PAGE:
Unions find a voice in the boardroom
By Deborah Brewster
Published: May 3 2004

UNIONS IN THE U.S. HAVE never achieved the same level of influence as their
comrades in Europe and the decline in their membership has accelerated in 
recent years, from a high of 21m in 1980 to a record low of 15.7m in 2003.

But organised labour appears to be finding a toehold of influence in 
corporate America through an unlikely means - shareholder proxy votes.

Union pension funds such as that run by the AFL-CIO, the unions' umbrella 
organisation, have never been shy in giving their views on management but 
are finding a more receptive audience in this year's annual meeting season.

They have a new ally in state pension funds, which control sizeable pots of 
money - $2,500bn (?2,085bn), or about 8 per cent of the US stock market - 
but have until now been largely acquiescent towards company management.

Fed up with three years of losses, the funds, many having union 
representatives on board because of high union membership among state 
employees, are showing their muscle.

Some, such as the Illinois state fund, are ending policies under which they 
automatically voted with management. They are also joining forces, with the 
big north-eastern state funds meeting almost weekly to discuss upcoming votes.

The effects have been felt at companies as diverse as Walt Disney, where 
Michael Eisner, the chief executive, was forced to give up his chairman's 
role; Safeway, which yesterday attempted to head off a shareholder revolt 
led by five state pension funds by offering to bring in new independent 
directors; and Marsh & McLennan, where four pension fund shareholders 
forced the insurance group to appoint an independent former prosecutor to 
its board.

In the past few weeks Calpers, the market leader in corporate governance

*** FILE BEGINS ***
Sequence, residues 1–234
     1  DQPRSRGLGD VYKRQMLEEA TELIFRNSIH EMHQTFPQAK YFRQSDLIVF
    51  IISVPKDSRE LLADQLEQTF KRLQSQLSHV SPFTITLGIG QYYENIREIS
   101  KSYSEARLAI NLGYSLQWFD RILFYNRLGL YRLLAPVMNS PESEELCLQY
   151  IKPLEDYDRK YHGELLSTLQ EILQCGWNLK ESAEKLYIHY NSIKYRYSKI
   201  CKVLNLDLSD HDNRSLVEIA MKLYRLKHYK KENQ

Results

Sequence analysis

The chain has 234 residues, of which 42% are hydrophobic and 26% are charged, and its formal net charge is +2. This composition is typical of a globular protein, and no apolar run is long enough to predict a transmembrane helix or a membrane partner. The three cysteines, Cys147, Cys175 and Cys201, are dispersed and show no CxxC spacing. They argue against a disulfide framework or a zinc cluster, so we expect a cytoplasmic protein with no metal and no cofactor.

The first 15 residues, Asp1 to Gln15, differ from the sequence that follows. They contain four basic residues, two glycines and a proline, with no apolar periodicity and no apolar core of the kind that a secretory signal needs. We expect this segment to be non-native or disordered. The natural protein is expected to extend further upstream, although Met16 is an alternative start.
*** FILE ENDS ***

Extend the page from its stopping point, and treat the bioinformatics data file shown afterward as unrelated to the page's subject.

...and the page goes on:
activism, has caused a stir by withholding support from directors at 
hundreds of the 1,600 companies in which it holds shares, including Warren 
Buffett at Coca-Cola and the top management at Citigroup.

Although the $125bn New York state fund shared Calpers' stance on 
Citigroup, the move had little effect: 96 per cent of the votes were in 
favour of management.

The more activist funds tend to be those from Democratic states, such as 
California and New York, and those with union representatives on their 
boards. Among those serving on the Calpers investment committee, for 
example, is Mike Quevedo Jr, who has had a 30-year career as a union 
organiser. The chairman of the Illinois fund, which is part of the Safeway 
push, is a labour represenUnions find a voice in the boardroom
By Deborah Brewster
Published: May 3 2004tative.

These facts have not escaped the notice of business groups, who are gearing 
up for a fight. John Castellani, president of the Business Roundtable, 
which represents 150 of the biggest companies in the US, said: "Calpers is 
a labour-dominated group and a lot of these funds are labour 
union-dominated organisations . . . the moves on Safeway are clearly 
related to the strike there".

The fur is flying over a proposal by the Securities and Exchange Commission 
to allow shareholders to nominate company directors on the management's 
slate. The plan, on which the SEC will decide soon, has become the most 
controversial it has ever proposed. It is almost unanimously supported by 
labour and state pension funds and unanimously opposed by business groups.

The Business Roundtable is quick to point out that the proposal originated 
with the American State, County and Municipal Employees' Association, a 
union body that has used its small $600m pension fund to put forward two 
dozen shareholder proposals in the past year.

Business groups believe that the rule might become a Trojan horse for funds 
to force labour-friendly candidates on to company boards.

Mr Castellani said: "This will provide an opportunity for special interest 
groups such as unions to hijack corporate agendas. [The funds are] wrapping 
themselves in the cloak of good corporate governance to gain power and 
influence. They will come out after a while with their real demands."

Alan Hevesi, the New York comptroller who heads his state's pension fund, 
disputes the theory. He said recently: "We want these companies to succeed, 
we want them to perform, we want them to make money. We are capitalists in 
the ultimate sense of the word, the American sense of the word".

Rich Ferlauto, AFSCME pension investment policy director, said: "We want 
more shareholder-friendly directors, whether they are labour-friendly or not.

"State pension funds lost 15 per cent of their assets in the past few 
years, with companies likUnions find a voice in the boardroom
By Deborah Brewster
Published: May 3 2004e Enron and WorldCom. It's no wonder they are
paying more attention to their investments."

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